Bench your benchmarks

“Benchmark” is a strange word.

In business, benchmarking is generally seen as a good thing – comparing your performance with your competitors, striving to improve your business, and so on.

But in sport, to “bench” one of your players means to take them off the field because they’re not performing well enough. Being benched in sport is most definitely not a good thing.

While I’m a big believer in comparing your performance with others and always trying to improve, I also think benchmarking…as it’s practiced in most companies…has got completely out of hand.

Benchmarking is often used by managers as a way to protect their jobs by providing evidence that they’re at least not terrible compared to some average number on a benchmarking survey.

Which I’ve always found a bit odd. Every business I’ve come across which has been overflowing with benchmarking information has always preached about how brilliant they are, how industry leading they are, how they’re at the top of their game.

Yet, when you look at what they’re comparing themselves to, it’s a number which is usually an average across their sector, or across people who do similar things depending on the nature of the survey. What that means in practice is that there are plenty of people who must, mathematically, be doing much better than that average.

So, as a business, if you think “exceptional performer” is defined as “just about meeting the average for our sector”, you might need to buy a dictionary before we go much further.

What every business should be trying to do is to be the very best for whatever their strategic objectives are.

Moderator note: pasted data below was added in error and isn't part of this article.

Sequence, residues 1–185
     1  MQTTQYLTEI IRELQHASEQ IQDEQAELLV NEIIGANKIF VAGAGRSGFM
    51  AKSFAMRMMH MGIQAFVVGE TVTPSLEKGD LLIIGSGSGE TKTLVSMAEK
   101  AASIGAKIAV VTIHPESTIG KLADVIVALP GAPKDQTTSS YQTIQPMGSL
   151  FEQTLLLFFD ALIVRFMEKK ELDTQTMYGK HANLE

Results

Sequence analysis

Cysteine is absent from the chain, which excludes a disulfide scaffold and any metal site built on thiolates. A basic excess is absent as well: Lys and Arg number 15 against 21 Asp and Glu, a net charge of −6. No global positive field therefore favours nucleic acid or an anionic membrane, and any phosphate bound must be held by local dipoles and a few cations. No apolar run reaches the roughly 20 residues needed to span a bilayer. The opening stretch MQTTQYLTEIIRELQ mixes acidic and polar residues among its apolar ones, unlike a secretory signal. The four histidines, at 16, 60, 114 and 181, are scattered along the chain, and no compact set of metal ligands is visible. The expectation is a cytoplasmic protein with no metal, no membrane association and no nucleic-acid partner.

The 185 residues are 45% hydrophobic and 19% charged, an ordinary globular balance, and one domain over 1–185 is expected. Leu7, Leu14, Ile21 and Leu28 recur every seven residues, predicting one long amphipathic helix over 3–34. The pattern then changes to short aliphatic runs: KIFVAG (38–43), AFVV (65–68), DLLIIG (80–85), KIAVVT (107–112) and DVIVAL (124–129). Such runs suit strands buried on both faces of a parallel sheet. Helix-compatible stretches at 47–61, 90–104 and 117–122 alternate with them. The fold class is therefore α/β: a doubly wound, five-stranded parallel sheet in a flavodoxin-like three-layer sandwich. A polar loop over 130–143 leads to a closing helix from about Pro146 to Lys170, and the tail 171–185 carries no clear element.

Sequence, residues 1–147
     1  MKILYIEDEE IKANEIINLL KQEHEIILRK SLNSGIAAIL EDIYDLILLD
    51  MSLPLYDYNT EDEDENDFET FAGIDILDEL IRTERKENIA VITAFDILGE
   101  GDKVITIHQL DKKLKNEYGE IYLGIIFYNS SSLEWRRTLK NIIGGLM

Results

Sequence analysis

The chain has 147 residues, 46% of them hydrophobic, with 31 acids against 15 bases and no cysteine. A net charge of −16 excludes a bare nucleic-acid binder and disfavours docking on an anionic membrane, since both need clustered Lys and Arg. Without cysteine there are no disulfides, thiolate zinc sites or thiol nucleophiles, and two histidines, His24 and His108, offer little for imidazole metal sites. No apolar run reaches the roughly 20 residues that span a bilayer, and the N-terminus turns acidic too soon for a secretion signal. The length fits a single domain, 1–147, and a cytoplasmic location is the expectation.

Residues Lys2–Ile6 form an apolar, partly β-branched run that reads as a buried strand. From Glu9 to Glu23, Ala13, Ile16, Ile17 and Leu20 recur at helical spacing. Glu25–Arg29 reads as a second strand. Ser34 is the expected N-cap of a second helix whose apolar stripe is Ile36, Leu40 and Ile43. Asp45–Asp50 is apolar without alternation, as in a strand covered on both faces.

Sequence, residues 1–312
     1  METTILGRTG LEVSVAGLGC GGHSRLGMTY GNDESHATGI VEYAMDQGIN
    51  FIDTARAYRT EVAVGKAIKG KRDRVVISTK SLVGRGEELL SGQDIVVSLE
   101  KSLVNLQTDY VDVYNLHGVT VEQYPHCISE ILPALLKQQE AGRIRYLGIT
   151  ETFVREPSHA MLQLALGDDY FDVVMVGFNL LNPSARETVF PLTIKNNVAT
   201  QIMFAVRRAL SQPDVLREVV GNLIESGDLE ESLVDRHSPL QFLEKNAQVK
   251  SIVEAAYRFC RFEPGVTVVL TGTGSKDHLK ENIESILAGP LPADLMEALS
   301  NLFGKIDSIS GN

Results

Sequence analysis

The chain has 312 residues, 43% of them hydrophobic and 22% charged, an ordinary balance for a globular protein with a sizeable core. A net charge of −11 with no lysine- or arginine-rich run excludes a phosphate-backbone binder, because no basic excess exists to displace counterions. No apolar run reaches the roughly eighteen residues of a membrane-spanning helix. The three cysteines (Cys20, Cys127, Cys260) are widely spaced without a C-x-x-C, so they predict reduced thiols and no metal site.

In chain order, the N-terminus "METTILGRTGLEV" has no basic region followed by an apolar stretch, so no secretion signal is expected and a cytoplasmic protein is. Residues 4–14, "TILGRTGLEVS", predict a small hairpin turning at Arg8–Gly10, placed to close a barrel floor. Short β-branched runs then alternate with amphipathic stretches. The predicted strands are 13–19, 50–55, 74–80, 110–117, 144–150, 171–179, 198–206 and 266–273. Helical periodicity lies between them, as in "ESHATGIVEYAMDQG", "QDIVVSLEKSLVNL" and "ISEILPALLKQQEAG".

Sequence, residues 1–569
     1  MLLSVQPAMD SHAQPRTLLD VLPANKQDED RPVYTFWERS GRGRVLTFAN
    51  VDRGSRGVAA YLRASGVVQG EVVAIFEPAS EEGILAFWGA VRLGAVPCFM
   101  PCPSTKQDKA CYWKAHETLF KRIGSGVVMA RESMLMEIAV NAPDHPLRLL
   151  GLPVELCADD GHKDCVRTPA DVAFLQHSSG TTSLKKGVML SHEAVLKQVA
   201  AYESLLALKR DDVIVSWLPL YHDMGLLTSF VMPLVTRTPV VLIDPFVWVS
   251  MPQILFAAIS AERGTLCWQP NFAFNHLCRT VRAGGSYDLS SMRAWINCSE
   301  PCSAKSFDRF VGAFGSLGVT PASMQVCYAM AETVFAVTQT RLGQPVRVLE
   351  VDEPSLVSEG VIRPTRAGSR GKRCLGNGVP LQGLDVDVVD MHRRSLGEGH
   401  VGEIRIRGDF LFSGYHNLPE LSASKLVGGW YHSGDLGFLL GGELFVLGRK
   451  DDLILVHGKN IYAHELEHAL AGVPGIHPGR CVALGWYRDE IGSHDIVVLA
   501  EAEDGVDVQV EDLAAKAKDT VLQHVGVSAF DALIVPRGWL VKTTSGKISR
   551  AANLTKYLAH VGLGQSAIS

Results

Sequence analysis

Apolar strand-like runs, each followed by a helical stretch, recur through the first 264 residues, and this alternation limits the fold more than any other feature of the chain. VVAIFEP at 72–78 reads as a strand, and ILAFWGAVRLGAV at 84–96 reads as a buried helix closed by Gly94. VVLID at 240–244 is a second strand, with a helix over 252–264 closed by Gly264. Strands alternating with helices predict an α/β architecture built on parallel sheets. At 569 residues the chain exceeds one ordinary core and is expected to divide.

If you’re selling on value, you want to be at least 20% cheaper than the average, not somewhere about the average.

If you’re selling on quality of service, you should be providing the sort of service that wouldn’t feel out of place in an airline’s first class lounge, or some ritzy boutique in the fashion district of Paris, not just answering the phone in 1hour 59 minutes compared to an industry average of 2 hours.

If you’re selling on innovation, you need to be knocking it out the park on a regular basis with launch after launch of compelling new ideas, not just squeezing something out despite the best efforts of an overbearing bureaucracy every once in a blue moon.

So spend a little time benchmarking by all means. Now and again it’s useful to have a sighting shot of where your industry is going.

But mostly you need to bench your benchmarks. Stop getting obsessed about performing somewhere around the average for your sector and start getting obsessed about becoming the sort of business everyone else in your sector looks up to as a shining example.

And that’s the sort of thing we do around here…help businesses become exceptional through our business and executive coaching.

If you’d like to become one of those rare exceptional businesses, just drop your details here…

Published by Alastair Thomson

Business and Executive Coach, showing business owners and senior executives how to double, triple and 10x their sales and profits.

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